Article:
Set in a world where everyone’s desire is to beat up the bigger, tougher guy in order to become the biggest, toughest guy in the ’hood, Afro Samurai serves a plate of standardised plotting. Much of the development comprises a lot of macho standoffs followed by gruesome resolutions; furthermore, the protagonist has no other motive for his deplorable actions except revenge against the nasty guy who killed his beloved father when he was barely old enough to remember it.
So what? Well, there are three notable points which, despite Afro Samurai’s simplistic premise, make it worth following. The first thing is style. The second thing is style. And the third thing is… style. As Afro predictably hacks his way through one unfortunate challenger after another, the creative design continues to retain its fascination – consider a kind of irreverent world setting where rocket launchers are used in close-combat as easily as daggers; sex and violence are equally gratuitous; and the main character wears a pair of 18th century oriental bell bottoms. Heck, even the chief antagonists are a kind of menacing Pentecostal sect with fervent sermons drawn directly from the gospel preacher stereotype.
Generally, Afro Samurai consists of smooth, groovy, funky stuff and borrows its hard edge from African American culture in a way that brings to mind a bloodier, brawnier, but less original Samurai Champloo.
Alongside visual feasts like Final Fantasy VII: Advent Children, Afro Samurai is at heart a long sequence of set pieces intentionally arranged to wow viewers who like pretty shiny fast things. Afro dodges crossbow bolts, parries double swords, and carves flying bullets with the unnerving precision of a murderous master chef, all to an eerie backdrop of deep shadows, sinister greys, and hot splashing reds.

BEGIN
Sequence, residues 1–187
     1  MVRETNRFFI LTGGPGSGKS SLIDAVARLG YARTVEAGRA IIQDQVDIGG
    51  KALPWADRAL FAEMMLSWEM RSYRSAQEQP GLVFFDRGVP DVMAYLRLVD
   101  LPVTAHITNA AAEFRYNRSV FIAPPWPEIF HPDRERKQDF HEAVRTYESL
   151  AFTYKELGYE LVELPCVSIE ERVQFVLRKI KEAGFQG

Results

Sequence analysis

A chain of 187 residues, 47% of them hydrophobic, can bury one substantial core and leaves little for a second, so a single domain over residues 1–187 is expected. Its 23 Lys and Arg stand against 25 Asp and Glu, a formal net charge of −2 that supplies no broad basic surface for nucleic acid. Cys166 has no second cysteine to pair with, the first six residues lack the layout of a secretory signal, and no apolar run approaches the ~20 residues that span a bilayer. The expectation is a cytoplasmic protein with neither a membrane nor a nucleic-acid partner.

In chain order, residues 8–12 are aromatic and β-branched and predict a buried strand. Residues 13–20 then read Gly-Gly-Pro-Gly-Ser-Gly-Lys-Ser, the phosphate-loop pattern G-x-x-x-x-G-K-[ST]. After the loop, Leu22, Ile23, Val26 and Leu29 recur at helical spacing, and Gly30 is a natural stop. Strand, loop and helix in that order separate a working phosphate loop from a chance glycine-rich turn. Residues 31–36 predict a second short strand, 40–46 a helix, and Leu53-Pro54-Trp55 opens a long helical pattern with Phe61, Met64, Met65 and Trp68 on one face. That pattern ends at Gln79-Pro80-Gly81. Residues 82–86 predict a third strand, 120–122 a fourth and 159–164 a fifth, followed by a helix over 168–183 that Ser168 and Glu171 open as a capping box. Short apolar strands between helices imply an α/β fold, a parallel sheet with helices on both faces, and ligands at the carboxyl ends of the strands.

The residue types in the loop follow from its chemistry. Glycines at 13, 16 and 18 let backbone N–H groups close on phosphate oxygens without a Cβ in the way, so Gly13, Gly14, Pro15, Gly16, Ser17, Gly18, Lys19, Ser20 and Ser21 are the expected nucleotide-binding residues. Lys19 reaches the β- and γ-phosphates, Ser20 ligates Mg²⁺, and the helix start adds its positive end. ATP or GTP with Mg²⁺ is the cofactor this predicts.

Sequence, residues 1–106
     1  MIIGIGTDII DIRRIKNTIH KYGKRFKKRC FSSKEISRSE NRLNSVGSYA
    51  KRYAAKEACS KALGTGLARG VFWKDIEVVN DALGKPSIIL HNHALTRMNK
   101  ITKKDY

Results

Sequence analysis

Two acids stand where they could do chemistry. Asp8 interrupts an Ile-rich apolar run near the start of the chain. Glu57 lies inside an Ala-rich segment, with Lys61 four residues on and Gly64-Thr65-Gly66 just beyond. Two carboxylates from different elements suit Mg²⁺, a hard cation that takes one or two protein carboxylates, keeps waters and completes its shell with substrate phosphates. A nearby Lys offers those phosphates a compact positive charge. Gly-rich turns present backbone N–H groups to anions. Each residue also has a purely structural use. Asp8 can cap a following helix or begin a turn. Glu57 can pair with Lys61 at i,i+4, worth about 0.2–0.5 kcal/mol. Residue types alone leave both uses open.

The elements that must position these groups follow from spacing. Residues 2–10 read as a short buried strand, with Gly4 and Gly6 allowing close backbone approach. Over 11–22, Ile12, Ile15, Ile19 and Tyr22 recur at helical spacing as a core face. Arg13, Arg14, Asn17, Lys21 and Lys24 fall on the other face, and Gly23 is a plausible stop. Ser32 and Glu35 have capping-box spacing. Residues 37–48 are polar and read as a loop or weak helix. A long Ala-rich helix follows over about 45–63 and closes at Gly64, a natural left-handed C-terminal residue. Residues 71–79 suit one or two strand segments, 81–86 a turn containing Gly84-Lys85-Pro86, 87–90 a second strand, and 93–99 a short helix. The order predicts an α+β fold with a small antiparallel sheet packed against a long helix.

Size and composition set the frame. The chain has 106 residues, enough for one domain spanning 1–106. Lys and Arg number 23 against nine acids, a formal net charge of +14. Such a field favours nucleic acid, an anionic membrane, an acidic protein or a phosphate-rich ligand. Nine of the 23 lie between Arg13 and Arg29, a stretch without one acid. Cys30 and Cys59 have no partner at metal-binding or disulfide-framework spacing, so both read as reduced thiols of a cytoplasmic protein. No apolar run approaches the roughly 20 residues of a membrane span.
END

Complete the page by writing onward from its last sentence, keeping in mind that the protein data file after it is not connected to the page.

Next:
More than that, the show offers some excellent stylistic ‘comic book’ touches, from the majestic way hair floats to the ethereal fluttering of bandannas and other loose material. Afro Samurai also makes the best use of smoke I’ve seen anywhere, including claustrophobic shots of steaming gun nozzles and cigarette fumes pumping out of nostrils, which adds to the intense hellish atmosphere.
Unfortunately, stylistic excellence doesn’t extend to the soundtrack. Comparisons with the hip-hop themed Samurai Champloo are unavoidable once more: unlike Samurai Champloo’s memorable OP and catchy ED, Afro Samurai’s equivalents are respectively generic and bland. Many of the scenes avoid music altogether, opting for natural sounds, but when there is music, it consists of nondescript instrumentals or vague hip-hop-ish beats.
As a pleasant surprise, the English dub consists of street lingo to match the show’s urban flair. It’s novel but it’s also rather corny. At worst, there’ll be Samuel L. Jackson’s monosyllabic deadpan performance as Afro, which adds nothing to the feel of the show except to render his scenes flat and uninteresting.